all the necessities: bean sprouts, jalapeno slices, basil, lime slice


medium number 8 chin sach: brisket & tripe $6.25


my pyramid  of beansprouts

I always order the number 8 which includes brisket and tripe. I love their brisket, which in my opinion, is more tender and carries a little more flavor than the cuts served. For those texturally courageous enough to try it, tripe is delicious.  It has a chewy texture and carries a very subtle salty beef flavor that works great with the rest of the ingredients. Now to the main focus of any pho restaurant (also my judging criteria), the quality and flavor of their beef broth. Compared to the other spots we’ve tried, Than Bros, hands down, always has the most flavorful and savory broth. It is full of rich beef flavor from the beef bones and other seasonings that go into it. The rest of the ingredients (onions, basil, green onions, bean sprouts & lime slice) all combine to provide happiness in a bowl! Crunch from the bean sprouts, bright and sharp flavors from the basil and onions and a contering tartness from the lime juice… I’m craving a bowl as I read/write this! A subtle but important thing worth noting is the temperature at which they serve their pho. You may be wondering, “…temperature?!” Indeed! Nothing is a bigger let down than a bowl of pho that is barely lukewarm when you’re only 1/3 of the way through. The perfect bowl of pho is hot enough to not only cook the rare meat that is an common choice, but to maintain it’s temperature even to the last drop. Needless to say, Than Bros doesn’t disappoint here either.

my usual sauce spicy/sweet combination: sriracha & hoisen


you know it’s good when…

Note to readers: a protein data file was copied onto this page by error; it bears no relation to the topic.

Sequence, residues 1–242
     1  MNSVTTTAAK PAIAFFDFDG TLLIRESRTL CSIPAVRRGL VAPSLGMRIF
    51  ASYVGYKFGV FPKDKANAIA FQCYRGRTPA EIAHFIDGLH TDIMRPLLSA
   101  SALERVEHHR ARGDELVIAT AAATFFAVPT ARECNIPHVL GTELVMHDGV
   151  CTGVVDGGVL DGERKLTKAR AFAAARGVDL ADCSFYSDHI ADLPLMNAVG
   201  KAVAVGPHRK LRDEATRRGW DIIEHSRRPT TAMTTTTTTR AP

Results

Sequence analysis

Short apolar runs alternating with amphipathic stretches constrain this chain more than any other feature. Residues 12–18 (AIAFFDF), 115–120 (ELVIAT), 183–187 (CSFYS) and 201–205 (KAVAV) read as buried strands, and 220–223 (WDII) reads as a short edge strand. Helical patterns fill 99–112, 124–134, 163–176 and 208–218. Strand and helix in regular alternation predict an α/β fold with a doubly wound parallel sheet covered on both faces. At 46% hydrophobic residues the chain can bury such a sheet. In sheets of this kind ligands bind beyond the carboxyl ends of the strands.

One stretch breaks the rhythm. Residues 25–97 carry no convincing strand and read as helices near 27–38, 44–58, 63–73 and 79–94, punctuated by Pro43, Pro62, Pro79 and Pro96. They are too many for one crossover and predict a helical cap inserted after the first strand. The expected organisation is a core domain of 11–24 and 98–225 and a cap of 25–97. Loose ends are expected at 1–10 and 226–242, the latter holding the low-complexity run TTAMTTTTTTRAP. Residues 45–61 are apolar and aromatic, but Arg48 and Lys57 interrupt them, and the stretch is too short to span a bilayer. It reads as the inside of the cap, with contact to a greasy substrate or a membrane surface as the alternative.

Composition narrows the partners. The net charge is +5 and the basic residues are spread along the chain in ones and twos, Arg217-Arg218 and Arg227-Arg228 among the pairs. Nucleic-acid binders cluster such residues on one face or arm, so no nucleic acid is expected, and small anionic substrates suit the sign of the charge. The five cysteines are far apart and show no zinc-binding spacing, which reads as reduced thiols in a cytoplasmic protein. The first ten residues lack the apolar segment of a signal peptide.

My Conclusion:

Depending on which location you choose, it may look clean and new or like a a rundown hole-in-the-wall, but who goes into a pho restaurant for the décor anyway!? Whether you’re battling the sniffles or craving something hot, flavorful and fulfilling, the pho served at Than Bros will do the trick. Their service is fast – wait times for your food to be served is less than five minutes, and the food is fulfilling. On average, Than Bros is also cheaper than the other pho spots we’ve been too. And lastly, for those with dietary restrictions, they also serve chicken pho and vegetable pho so no on leaves unhappy.


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Located on Capitol Hill, Chino’s is a refreshing spot that fits nicely in a very eccentric and diverse area of Seattle. Self advertised as an Urban Tiki House & Taiwanese Cantina, Chino’s serves both Taiwanese & Mexican comfort foods and offers a huge drink list specializing in Tiki drinks. One could easily miss this place due to the window signs being obscured by trees and the sign in front being small. The first thing I noticed was the large mural painted on the front wall – there is no mistaking the Mexican and “L.A.” influenced décor throughout. A decent sized bar with a few tables and stools are the second thing that greets you, followed by an open kitchen and open dining floor that fills the rest of the restaurant.

beacon of color


The Food:



lonchera tacos: pork, cilantro, onion & salsa $2 each (happy hour special)

 The tacos were tasty and the pork had good savory flavors of the seasonings and onions it was cooked in. The elements that really make these tacos are the fresh onions and cilantro. These two simple ingredients really brighten up each bite and add great contrast to the flavors of the meat.



gua bao platter:  pork belly buns, with pickled mustard greens, cilantro & crushed sweet peanuts $9